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Peak performance: US M&A in 2018

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2018 was a strong year for dealmaking in the US, particularly domestically, but when will the tide turn?

US M&A weathers geopolitical storms

The political and economic backdrop may be unstable, but 2018 was a strong year for US M&A, especially domestically. However, a strong stock market cannot last forever, nor can a booming M&A market

US M&A enjoyed yet another busy 12 months in 2018. Deal value climbed by 15 percent and the domestic M&A market thrived. Overall domestic deal value was up 23 percent compared to 2017, and the ten largest deals of the year were all domestic transactions.

Steady economic growth, low unemployment and interest rates, and the billions of dollars released through the Trump tax cuts all boosted domestic dealmaking. In a survey of 200 M&A executives conducted for this report, more than three quarters see the US as the most attractive M&A market in 2019, and 80 percent expect the US economy to continue expanding over the next year.

But while there is plenty of reason to be optimistic, the positive deal and economic figures can obscure growing concerns that the cycle may be close to its peak. Stock markets have been more volatile this year and businesses are worried about the impact of the Trump administration’s actions.

More than half of respondents to the survey expressed their opposition to new laws that give the Committee on Foreign Investment in the United States (CFIUS) more powers to block inbound deals, and a third say they are worried about what escalating trade tensions between the US and China mean for their prospects. In what is supposed to be a strong seller’s market, the fact that close to a third of those we surveyed have suffered lapsed deals is further cause for caution.

As we go into 2019, there will be much for dealmakers to look forward to. Technology continues to transform the way businesses operate and will remain a reason to transact. The economy is still in good shape too, which will sustain confidence.

Dealmakers will not feel the need to sit on their hands just yet but will need to approach prospective deals with a degree of caution over the next 12 months to mitigate against the inevitable recession and stock market pullback.


Confidence, cash and tax cuts: The US M&A landscape in 2018

The US M&A market delivered another year of strong performance in 2018.

Private equity remains strong in 2018

Private equity buyout activity saw an increase in 2018, with volume rising 6 percent to 1,361 deals and value up 7 percent to US$214 billion.

US M&A survey: Deal drivers and dilemmas

We surveyed 200 executives on their views about the future of M&A and found that most remain optimistic about 2019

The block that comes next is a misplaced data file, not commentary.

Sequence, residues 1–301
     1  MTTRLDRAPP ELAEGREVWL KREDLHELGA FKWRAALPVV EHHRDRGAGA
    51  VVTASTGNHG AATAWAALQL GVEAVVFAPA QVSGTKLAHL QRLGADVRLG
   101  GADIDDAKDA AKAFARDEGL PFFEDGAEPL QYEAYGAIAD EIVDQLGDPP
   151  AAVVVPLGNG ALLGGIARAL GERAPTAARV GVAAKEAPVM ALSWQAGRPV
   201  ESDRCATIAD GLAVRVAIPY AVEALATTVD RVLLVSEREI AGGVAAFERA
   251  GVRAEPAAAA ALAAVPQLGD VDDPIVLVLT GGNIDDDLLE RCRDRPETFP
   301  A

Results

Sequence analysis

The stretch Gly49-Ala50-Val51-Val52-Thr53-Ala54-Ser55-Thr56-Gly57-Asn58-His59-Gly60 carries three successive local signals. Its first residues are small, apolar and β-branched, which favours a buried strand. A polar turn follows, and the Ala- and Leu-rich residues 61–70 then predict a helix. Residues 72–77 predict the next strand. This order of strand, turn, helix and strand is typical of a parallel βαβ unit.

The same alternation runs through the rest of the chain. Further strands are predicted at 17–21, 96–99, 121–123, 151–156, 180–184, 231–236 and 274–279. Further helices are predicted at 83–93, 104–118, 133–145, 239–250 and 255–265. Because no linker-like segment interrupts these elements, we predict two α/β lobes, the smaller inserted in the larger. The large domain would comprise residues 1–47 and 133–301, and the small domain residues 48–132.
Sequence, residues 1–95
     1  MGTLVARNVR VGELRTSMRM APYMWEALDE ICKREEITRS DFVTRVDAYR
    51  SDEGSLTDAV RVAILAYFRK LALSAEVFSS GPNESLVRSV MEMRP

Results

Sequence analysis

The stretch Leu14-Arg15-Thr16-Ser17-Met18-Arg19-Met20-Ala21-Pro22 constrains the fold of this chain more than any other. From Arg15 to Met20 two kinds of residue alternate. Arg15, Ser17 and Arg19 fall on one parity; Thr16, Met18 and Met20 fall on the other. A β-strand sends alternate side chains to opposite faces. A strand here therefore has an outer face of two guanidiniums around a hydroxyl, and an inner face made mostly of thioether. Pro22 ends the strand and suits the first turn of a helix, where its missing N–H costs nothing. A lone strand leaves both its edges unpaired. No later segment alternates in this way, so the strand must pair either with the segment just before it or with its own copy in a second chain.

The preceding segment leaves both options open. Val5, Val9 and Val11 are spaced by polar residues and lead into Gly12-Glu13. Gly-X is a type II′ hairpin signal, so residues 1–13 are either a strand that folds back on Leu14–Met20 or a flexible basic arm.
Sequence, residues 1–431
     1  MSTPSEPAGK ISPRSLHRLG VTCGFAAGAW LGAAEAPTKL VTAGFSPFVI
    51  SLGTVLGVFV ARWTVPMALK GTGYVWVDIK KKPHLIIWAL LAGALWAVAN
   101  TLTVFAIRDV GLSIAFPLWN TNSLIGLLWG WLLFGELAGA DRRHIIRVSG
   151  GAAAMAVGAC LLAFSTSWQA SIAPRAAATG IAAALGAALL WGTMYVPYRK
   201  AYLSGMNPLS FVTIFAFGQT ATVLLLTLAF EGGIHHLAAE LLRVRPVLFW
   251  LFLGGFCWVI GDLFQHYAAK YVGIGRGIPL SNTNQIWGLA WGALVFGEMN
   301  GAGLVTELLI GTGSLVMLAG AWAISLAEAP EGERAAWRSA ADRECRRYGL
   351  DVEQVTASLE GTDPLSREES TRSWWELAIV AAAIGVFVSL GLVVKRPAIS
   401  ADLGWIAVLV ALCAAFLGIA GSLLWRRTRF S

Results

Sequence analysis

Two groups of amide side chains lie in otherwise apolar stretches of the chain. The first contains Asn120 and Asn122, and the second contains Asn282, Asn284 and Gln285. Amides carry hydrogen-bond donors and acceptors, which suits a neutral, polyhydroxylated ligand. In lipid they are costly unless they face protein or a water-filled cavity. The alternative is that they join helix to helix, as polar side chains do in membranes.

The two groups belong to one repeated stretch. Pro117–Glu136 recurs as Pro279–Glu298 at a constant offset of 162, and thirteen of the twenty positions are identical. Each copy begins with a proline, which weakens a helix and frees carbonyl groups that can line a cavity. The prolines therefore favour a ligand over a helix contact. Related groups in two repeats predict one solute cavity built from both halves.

Sector watch

Sectors overview: Tech and energy top the charts

TMT and energy were the top two sectors by value; fintech is poised to invigorate dealmaking in the financial services sector.

Technology M&A value soars in 2018

After a period of frenetic dealmaking in technology over the last few years, which saw businesses across all industries scramble to adjust to the rapid shifts driven by digitalization, 2018 has seen value climb in the tech M&A sector

Consumer deals slip as digital disrupts

Digital disruption and its impact on physical retailers once again weighed on the consumer sector in 2018. Consumer M&A volume was down 13 percent year-on-year to 465 deals in 2018. Value decreased 28 percent to US$119 billion

Financial services deals are down, but 2019 brings hope

Financial services sector M&A volume decreased by 6 percent to 461 deals in 2018, with value decreasing 48 percent to US$80.2 billion. But there are signs that the sector’s M&A market is moving in the right direction going into 2019

Stability in early 2018 fuels oil and gas M&A

A stable oil price (for the majority of 2018) saw deal value climb in the energy, mining and utilities sector in 2018, despite volume falling

Real estate rises higher on megadeal surge

Real estate M&A value jumped 116 percent to US$74.9 billion in 2018, with deal volume staying flat at 46 deals

Next big thing drives healthcare M&A

Although deal volume and value in the pharma, medical and biotech sector fell in 2018, down by 3 percent to 580 deals and 27 percent to US$111.8 billion respectively, pharma companies have invested aggressively in strategic deals throughout the year

In Focus

Deal-changing decisions from Delaware

In the second half of 2018, the Delaware courts once again produced decisions that will guide M&A transactions in the future

Why, how and when should directors engage with shareholders?

Activism among investors is on the rise across the globe. Companies that empower directors to engage with shareholders can optimize investor relations, if they follow some simple but important guidelines


Four trends moving the US M&A needle in 2019

In 2018, the US M&A market has seen marked robust domestic activity and a strong tech sector but declining inbound dealmaking. We examine the four key factors that could characterize 2019

Meet our Partners

Global M&A Leaders

John Reiss

John Reiss
Partner, New York


Gregory Pryor

Gregory Pryor
Partner, New York


Allan Taylor

Darragh Byrne
Partner, Frankfurt, Stockholm


Allan Taylor

Allan Taylor
Partner, London


John Cunningham

John Cunningham
Partner, London


Alexandre Ippolito

Alexandre Ippolito
Partner, Paris


Christopher Kelly

Christopher Kelly
Partner, Hong Kong


 Barrye Wall

Barrye Wall
Partner, Singapore


New York City

US M&A survey: Deal drivers and dilemmas